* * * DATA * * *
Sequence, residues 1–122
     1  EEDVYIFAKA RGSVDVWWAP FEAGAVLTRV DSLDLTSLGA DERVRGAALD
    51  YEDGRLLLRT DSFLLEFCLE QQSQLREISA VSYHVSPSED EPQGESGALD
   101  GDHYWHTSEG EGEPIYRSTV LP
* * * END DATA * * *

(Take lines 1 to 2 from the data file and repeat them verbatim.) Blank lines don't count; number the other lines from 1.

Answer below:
Sequence, residues 1–122
     1  EEDVYIFAKA RGSVDVWWAP FEAGAVLTRV DSLDLTSLGA DERVRGAALD